A Different Kind of Christmas: Faith

From the brightly lit festive streets to the self-service checkouts in Tesco (‘Ho Ho Ho Merry Christmas!’) and the constant stream of Christmas ads on TV to the soundtrack in the Hidden cafe, Christmas is unavoidable. Undoubtedly becoming less about the Christian faith and more of a consumerist season, The Gryphon looks at Christmas in its many forms from the perspective of students with other faiths.

Christmas has become a national holiday in Britain – and no matter what your beliefs, you are immersed in festive spirit from as early as the end of October. According to the Evangelical Alliance, ninety percent of British families put up a Christmas tree in 2014, despite only fifty-nine percent of British families identifying as Christian in the 2011 census. Clearly, Christmas festivities and celebrations are no longer limited to those who believe in Jesus.

The Gryphon spoke to Jordan Grabski, a third-year French and Spanish student and a self-proclaimed ‘Christmas Jew’:

“Christmas for me, as a Jew, isn’t about celebrating the birth of Christ but just as a time for family and good food. And if anyone knows how to do food it’s the Jews! I love Christmas and would describe myself as a ‘Christmas Jew’. My mum’s birthday is Christmas Eve, and we have big family gatherings for both Christmas day and Boxing Day so the Christmas period is a big celebration for us. We always get presents on Christmas and we even used to leave a mince pie for Santa Claus!”

For others, Christmas has become an ingrained and essential part of British, and indeed Western, culture – regardless of its religious roots. The Gryphon spoke to Ahmed, a third-year mechanical engineering student, who comes from Tunisia, on the matter:

“When I came to the UK I knew that it was a country with Christianity as the religion, and not laïque like France. Therefore I expected that Christian tradition would be heavily present. It was something I was looking forward to, in order to understand and live according to a new culture and therefore fully embracing the experience of being abroad. In fact since moving to the UK I have been celebrating Christmas, the commercial and gathering side, as I’ve noticed that the religious one wasn’t that big anymore – something that I didn’t do back home.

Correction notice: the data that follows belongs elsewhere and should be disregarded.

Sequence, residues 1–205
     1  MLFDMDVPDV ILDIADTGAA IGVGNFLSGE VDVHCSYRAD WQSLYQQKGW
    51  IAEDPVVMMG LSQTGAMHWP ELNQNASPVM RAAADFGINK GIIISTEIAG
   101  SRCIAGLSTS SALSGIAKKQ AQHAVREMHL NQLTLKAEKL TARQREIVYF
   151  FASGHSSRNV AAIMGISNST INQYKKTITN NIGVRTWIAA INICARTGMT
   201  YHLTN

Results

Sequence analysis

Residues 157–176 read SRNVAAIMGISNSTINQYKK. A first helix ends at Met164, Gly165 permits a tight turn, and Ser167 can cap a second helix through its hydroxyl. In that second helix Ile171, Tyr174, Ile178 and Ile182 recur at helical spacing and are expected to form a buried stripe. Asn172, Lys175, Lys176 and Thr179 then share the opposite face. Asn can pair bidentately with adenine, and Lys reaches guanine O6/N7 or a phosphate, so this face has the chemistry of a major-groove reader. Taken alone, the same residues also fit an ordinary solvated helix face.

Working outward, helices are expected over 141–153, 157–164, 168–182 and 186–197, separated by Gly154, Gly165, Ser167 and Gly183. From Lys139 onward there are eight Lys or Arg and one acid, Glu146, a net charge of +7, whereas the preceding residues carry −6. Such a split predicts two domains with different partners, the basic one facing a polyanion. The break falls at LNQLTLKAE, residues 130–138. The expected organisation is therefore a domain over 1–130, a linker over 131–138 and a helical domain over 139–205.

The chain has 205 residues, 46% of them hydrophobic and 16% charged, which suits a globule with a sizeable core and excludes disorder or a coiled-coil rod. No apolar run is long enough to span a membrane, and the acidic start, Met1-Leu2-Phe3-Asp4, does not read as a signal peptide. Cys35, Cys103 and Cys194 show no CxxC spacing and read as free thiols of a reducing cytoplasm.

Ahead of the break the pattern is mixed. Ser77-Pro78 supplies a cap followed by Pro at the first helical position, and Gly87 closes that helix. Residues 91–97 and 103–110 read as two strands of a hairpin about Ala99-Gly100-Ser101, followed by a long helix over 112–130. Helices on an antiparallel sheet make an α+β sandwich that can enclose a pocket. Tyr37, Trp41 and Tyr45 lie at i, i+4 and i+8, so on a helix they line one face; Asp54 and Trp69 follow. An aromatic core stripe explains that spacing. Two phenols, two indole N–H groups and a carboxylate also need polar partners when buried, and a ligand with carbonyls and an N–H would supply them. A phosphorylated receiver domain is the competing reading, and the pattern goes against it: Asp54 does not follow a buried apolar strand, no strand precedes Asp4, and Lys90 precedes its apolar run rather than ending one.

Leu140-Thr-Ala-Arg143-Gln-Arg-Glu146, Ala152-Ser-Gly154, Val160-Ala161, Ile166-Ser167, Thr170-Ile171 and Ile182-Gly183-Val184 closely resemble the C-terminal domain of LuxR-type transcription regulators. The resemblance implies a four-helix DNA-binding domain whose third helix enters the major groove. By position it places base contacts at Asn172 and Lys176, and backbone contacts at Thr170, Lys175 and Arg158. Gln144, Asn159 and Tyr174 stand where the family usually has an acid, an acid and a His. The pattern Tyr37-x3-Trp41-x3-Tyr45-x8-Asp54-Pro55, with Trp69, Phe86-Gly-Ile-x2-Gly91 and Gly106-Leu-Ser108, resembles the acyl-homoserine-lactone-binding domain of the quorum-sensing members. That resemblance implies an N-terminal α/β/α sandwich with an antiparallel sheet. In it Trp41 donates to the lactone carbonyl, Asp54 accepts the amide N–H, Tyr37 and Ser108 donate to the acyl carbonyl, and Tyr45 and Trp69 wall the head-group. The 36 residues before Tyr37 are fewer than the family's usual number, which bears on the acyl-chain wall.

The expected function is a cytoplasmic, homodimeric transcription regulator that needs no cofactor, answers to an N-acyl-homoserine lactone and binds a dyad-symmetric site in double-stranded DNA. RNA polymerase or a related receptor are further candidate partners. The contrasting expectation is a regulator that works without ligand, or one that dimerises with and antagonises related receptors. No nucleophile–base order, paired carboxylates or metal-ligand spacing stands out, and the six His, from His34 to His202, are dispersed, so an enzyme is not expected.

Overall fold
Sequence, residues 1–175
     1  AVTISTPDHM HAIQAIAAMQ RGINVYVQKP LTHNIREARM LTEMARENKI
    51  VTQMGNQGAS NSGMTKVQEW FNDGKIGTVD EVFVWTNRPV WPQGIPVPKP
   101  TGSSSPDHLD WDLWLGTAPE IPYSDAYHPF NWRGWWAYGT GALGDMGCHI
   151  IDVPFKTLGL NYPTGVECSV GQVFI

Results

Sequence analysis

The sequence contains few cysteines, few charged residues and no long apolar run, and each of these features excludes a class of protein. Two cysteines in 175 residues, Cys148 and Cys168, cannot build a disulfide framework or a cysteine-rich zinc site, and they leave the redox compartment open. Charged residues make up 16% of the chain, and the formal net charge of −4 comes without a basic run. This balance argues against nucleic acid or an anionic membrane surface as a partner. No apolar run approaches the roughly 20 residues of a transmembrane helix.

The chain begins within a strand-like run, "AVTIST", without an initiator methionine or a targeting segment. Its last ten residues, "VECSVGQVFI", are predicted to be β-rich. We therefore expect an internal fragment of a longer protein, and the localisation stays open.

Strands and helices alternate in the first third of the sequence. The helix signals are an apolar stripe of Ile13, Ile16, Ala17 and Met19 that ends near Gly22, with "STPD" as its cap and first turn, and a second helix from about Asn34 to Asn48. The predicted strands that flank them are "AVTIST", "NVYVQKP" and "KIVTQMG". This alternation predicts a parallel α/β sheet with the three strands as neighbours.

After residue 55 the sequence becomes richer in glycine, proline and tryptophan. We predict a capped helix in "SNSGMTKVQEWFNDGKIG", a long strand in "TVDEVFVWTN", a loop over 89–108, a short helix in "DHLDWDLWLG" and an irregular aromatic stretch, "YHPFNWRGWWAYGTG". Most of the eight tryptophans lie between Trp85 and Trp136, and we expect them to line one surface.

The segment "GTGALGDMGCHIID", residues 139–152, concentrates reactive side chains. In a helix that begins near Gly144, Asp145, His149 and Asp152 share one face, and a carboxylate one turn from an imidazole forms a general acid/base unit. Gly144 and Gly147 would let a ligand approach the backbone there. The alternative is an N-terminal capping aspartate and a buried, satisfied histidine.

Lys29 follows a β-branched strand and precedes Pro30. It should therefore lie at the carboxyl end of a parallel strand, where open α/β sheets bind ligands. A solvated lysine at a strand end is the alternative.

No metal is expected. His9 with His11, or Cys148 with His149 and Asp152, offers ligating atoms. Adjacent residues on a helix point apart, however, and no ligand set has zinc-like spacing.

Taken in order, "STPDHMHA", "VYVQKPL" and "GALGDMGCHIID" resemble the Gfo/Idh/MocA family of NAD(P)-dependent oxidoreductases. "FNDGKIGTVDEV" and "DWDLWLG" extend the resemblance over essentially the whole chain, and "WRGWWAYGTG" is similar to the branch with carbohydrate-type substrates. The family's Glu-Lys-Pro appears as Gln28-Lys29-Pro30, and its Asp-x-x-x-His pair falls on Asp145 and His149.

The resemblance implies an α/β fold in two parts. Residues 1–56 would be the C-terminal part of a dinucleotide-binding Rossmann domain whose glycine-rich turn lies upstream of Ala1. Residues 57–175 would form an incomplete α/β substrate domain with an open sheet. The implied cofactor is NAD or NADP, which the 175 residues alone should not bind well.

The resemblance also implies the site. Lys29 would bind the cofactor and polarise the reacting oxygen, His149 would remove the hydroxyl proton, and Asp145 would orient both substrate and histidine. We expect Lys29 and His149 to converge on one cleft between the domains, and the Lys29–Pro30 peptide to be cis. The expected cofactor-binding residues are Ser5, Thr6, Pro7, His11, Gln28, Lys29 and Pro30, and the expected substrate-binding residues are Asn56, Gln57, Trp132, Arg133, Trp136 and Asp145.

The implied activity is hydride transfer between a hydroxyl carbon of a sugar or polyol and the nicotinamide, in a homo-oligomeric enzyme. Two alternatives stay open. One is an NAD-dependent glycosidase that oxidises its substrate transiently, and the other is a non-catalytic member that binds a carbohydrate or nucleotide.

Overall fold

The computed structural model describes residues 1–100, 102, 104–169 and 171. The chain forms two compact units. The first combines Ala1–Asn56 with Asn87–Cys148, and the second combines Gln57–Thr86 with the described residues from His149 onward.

I believe the UK is understanding and respectful of every religion, as I never feel isolated. However, being in a host country with a different belief system is different: I would only celebrate my own religious celebrations with my home community, as I believe that is the way it should be.”

That being said, some establishments are starting to turn away from the notion that Christmas is universal – the University of Sheffield’s Diamond library is remaining open, though unstaffed, for the full 24 hours on Christmas day, in a move that seeks to recognise that not all students will be celebrating Christmas. With our own university services remaining closed from Christmas Eve until the New Year, it is arguable that the University is failing to account for the large number of the multicultural and diverse student population who do not celebrate the holiday.

However, it is of course a period of time off from university hours whether you use it to celebrate Christmas or not, so the University is within its rights to expect that many students will not be on campus.

On that note, Jordan adds that:

“Christmas at uni is great, I love the big tree. But if of course you are more observant than myself there is a big Menorah outside the Union for those wishing to celebrate. LUU really does embrace multiculturalism, which is great!”

The University does also provide support and information for those staying in Leeds over the Christmas break.

Ultimately, though it can sometimes feel like Christmas is being stuffed down our throats, it appears that everyone can and does appreciate the joy the festivities can hold. How and what you choose to celebrate is a personal decision, and much depends on circumstance, but many are embracing – or at least putting up with – the ever-playing Christmas playlist and the incessant twinkling of lights.

Molly Walker-Sharp

If you’re still in Leeds over Christmas and looking for something to do, see: http://help.leeds.ac.uk/christmas.html

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